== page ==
Links: Top Ten French Attractions,
  6. Cosquer Cave, France

    The Cosquer cave is located in the Calanque de Morgiou near Marseille, France, not very far from Cap Morgiou. This cave, the entrance of which is located undersea nowadays, was discovered by Henri Cosquer in 1985 and declared to the authorities in 1991.
    Links: Top Ten French Attractions,
  7. Pech Merle Cave Paintings, France (23,000-14,000 BC)

           Pech Merle is a cave which opens onto a hillside at Cabrerets in the Lot département of the Midi-Pyrénées region in France, about 35 minutes by road east of Cahors. It is the home of one of the few prehistoric cave painting sites in France which remain open to the general public. Extending for more than a mile from the entrance are caverns the walls of which are painted with dramatic murals dating from the Gravettian culture (23,000 BC). Some of the paintings and engravings, however, could date from the later Magdalenian era (14,000 BC) This area once had a great river flowing through it, cutting underground channels which were later used by humans for shelter and eventually for mural painting.
    Links: Top Ten French Attractions,
  8. Val Camonica, Italy (10,000 BC)

    The ancient history of Valle Camonica begins with the end of last ice age, around 15,000 years ago when the glacier, melting, creates the valley. The inhabitants, who had begun to visit the valley already in epipaleolithic, settled from the Neolithic. They were called by Romans the Camunni, people of uncertain origin, famous for stone carvings: in Val Camonica they left about 300,000 petroglyphs, which made the area the largest center of rock art in Europe. Towards the end of the first century BC Valle Camonica is attached to Roman Empire and founded the city of Cividate Camuno, with spas, theater and amphitheater and a sanctuary of Minerva, among the largest in the Alps.
    Links: Top Ten Italian Attractions,
  9. Astuvansalmi Rock Paintings, Finland

    The Astuvansalmi rock paintings are located in Finland at the shores of the lake Yövesi, which is a part of the large lake Saimaa. The rock paintings are the largest found in the whole of Scandinavia. They consist of 65 paintings. The rock paintings were officially found by the Finnish archaeologist Pekka Sarvas in 1968, though locals knew about them already before that.
    Links: Top Ten Finnish Attractions,,
  10. Cueva de La Pasiega, Spain

    Cueva de La Pasiega, or Cave of La Pasiega, situated in the Spanish municipality of Puente Viesgo, is one of the most important monuments of Paleolithic art in Cantabria. It is included in the Unesco schedule of Human Heritage since July 2008, under the citation “Cave of Altamira and Paleolithic cave art of Northern Spain.”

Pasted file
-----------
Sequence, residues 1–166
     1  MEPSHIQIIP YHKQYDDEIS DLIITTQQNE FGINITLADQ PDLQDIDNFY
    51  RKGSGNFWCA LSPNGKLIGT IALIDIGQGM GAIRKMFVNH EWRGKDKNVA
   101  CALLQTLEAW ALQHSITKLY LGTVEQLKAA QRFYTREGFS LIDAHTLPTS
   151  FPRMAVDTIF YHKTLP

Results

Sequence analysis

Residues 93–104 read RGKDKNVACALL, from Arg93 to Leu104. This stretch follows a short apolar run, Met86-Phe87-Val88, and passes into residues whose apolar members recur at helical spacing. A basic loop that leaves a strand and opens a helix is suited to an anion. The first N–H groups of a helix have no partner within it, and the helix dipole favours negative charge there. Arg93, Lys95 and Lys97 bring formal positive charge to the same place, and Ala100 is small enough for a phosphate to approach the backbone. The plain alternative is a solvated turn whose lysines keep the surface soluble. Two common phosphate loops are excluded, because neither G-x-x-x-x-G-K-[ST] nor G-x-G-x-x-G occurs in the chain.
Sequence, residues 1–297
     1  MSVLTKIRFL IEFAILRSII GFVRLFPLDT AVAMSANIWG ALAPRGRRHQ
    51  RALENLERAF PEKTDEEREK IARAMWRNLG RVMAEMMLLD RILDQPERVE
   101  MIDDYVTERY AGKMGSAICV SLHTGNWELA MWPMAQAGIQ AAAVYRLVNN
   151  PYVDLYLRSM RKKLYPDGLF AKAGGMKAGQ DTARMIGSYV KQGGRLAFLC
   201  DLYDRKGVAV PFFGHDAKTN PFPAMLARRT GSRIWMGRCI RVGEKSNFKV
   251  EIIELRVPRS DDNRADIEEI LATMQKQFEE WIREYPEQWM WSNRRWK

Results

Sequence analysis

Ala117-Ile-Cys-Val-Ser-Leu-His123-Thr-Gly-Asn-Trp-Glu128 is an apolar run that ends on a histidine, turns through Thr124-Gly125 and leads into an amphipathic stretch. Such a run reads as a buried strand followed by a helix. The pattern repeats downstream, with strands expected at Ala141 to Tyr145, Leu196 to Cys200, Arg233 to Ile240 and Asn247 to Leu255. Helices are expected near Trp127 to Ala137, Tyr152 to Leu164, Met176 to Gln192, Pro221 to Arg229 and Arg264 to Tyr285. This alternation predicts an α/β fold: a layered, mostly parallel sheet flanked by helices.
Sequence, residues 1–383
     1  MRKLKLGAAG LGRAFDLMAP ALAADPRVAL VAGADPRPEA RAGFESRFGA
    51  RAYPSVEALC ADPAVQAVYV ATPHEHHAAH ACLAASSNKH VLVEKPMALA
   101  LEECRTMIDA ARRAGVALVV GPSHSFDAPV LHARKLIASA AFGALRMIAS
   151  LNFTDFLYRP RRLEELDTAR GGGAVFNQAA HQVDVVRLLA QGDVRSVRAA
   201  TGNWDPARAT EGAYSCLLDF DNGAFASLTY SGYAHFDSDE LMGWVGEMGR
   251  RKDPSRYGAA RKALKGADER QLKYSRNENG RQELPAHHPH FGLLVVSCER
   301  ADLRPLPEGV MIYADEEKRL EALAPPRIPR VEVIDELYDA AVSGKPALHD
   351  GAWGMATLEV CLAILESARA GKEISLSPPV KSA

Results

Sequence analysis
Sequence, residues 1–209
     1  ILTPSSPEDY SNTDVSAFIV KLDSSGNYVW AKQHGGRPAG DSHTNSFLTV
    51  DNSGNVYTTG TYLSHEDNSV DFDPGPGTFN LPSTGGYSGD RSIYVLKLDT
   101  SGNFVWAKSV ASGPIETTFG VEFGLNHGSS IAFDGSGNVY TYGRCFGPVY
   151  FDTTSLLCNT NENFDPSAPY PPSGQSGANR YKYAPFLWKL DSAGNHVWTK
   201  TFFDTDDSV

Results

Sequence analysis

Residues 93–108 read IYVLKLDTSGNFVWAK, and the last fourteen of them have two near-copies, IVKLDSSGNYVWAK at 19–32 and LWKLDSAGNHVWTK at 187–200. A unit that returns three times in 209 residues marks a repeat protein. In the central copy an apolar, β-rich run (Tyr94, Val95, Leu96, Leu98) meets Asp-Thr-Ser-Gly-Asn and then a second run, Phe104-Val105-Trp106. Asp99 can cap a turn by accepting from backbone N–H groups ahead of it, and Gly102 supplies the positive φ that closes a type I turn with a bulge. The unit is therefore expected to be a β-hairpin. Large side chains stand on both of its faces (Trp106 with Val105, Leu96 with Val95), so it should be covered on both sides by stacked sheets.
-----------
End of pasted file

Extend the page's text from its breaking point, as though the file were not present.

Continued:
Links: Top Ten Spanish Attractions,,
  11. Bonus: Magura Cave Painting (10,000 BC)

  12. Bonus: Creswell Crag Paintings, England

    Creswell Crags is a limestone gorge on the border between Derbyshire and Nottinghamshire, England near the villages of Creswell, Whitwell and Elmton. The cliffs of the ravine contain several caves that were occupied during the last ice age, between 43,000-10,000 years ago. The caves contain occupation layers with evidence of flint tools from the Mousterian, proto-Solutrean, Creswellian and Maglemosian cultures. They were seasonally occupied by nomadic groups of people during the Upper Palaeolithic and Mesolithic periods. Evidence of Neolithic, Bronze Age, Roman and post-medieval activity has also been found there. The main phases of Stone Age occupation were at around 43,000 BC then in a period between 30,000 and 28,000 BC and then again around 10,000 BC. To this day the finds at Creswell Crags represent the most northerly finds in Europe.
    Links: Top Ten English Attractions,
  13. Bonus: Cussac Cave

    The Cussac Cave (Buisson-de-Cadouin, Dordogne), was discovered on 30 September 2000 by Marc Delluc, a speleologist who immediately told Norbert Aujoulat about it. Aujoulat did the official expert assessment of the cave on 8 October 2000, together with Christian Archambeau. From the first they recognized the authenticity and the archaeological importance of the engravings and of the human skeletons, the resemblances of the art in Cussac with that in Quercy (in Pech-Merle in particular), and the likelihood of all the art being Gravettian.
  14. Bonus: La Marche, France

    La Marche is a cave and archaeological site located in Lussac-les-Châteaux, a commune in the department of Vienne, western France. The carved etchings discovered there in 1937 show 15,000 year-old detailed depictions of humans. The cave paintings at this site are controversial and many doubt their authenticity.